Vulvodynia

How I Practice Video Series
Jay R. Trabin, MD, FACOG

HIP: Vulvodynia from ACOG on Vimeo.

HIP: Vulvodynia from ACOG on Vimeo.

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Transcript:

When I speak with a patient who comes to me with vulvar pain, it can be very frustrating and very time consuming. It's important to address certain key critical issues at the very beginning of your conversation because if you don't, the patient may feel that it's all in her head. One of the most important things that you can do as a young physician in the very beginning is to reassure the patient that no it is not all in your head. In fact this is a real medical disorder. Many years ago, we used to think that perhaps it was a psychiatric illness because often times we could not see any visible lesions, and so it was difficult to diagnose. Then came the understanding that there are certain problems inherent in neurophysiology that produce chronic pain in the absence of physical findings. We reassure the patient that there are real entities including genetic predisposition, abnormalities in cellular metabolism, and other disorders that cause chronic pain. I like to explain to the patient that there are related disorders such as chronic reflex sympathetic dystrophy such as causalgia, such as irritable bowel syndrome, fibril myalgia, depression, and other disorders that we often see with vulvodynia. We like to explain to the patient that vulvodynia used to be called vestibulitis, vulvar vestibulitis. Now we not only call it vulvodynia, but divide it into categories such as diffuse, localized, such as provoked or unprovoked or spontaneous and this helps the patient to feel more comfortable knowing that there really is something wrong, rather than as may have been told to her by other well meaning physicians that "it's all in your head."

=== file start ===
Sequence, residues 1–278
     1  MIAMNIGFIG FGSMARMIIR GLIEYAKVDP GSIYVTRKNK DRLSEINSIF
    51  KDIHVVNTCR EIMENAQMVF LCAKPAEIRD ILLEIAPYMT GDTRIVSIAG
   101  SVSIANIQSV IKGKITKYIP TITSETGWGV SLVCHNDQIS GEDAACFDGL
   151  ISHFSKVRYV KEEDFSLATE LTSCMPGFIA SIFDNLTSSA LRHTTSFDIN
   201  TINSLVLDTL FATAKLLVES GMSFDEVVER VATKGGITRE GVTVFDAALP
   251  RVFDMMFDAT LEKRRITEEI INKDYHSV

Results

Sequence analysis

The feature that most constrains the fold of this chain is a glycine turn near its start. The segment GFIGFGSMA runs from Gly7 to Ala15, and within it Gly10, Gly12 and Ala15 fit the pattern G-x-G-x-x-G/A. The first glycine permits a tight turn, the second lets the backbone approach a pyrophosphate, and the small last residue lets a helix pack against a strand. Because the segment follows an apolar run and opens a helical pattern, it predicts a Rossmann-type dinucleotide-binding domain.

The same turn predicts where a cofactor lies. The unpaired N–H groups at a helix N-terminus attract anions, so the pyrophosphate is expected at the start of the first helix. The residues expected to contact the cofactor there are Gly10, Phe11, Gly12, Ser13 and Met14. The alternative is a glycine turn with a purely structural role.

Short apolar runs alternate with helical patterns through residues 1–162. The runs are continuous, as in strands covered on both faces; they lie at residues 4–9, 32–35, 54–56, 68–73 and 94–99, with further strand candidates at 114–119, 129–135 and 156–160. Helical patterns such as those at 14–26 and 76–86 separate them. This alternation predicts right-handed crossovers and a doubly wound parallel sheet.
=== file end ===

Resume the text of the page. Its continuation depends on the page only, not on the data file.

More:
We also like to explain to the patient that: no, you're not alone. A lot of patients that come in with vulvar pain syndromes, which they often describe as sharp, stabbing, and knife-like, sometimes provoked by sexual intercourse, sometimes spontaneously making even difficult to wear tight clothing, many times they feel like they are some sort of freak because most people don't talk about this disorder. In fact, in many recent studies it was shown to be far more prevalent than we used to think. In certain recent studies for example, the lifelong prevalence of this disorder varies between 2 and as high as 25%. In specific populations basically between the ages of 20-45, it has an incidence rate of 2-4% and as high as 9%. We also explain that it is more common in Hispanics and we also explain that even though it seemed more commonly in middle age, it sometimes and not infrequently makes its way and initial occurrence in adolescence and can be seen in the 60 or 70 year old age bracket. It's important to reassure patient that you're not alone; there are many other patients that have this disorder.

The next question that we usually get from patients (they're starting to feel a bit more comfortable at this point) is: What is it that I have? What is vulvodynia? So the first thing we do at this point is that we explain to them that there are secondary causes of vulvar pain. These can include infections such as candida, herpes, or chronic allergy symptoms. These can include trauma, these can include neurogenic causes such as pudendal nerve entrapment, pudendal neuropathy and they can also include what we call dermatoses, such as lichen sclerosis or erosive lichen planus and other skin disorders. They can even be manifestations of a different organ system such as Crohn's disease which not infrequently causes vulvar pain. So once you have ruled out, and this is basically done through a very careful physical history, once you've ruled out the secondary forms of vulvar pain, then one explains to the patient (and I usually do this after the examination) our diagnosis that we're working with now is vulvodynia. At this point it's very useful to give the patient brochures and other references and online website support groups that may help to further empower her, knowing that it's not all in her head and no she's not alone, and she does have a medical disorder. That's usually my starting off point in the management of vulvodynia and that's the way I practice.

  

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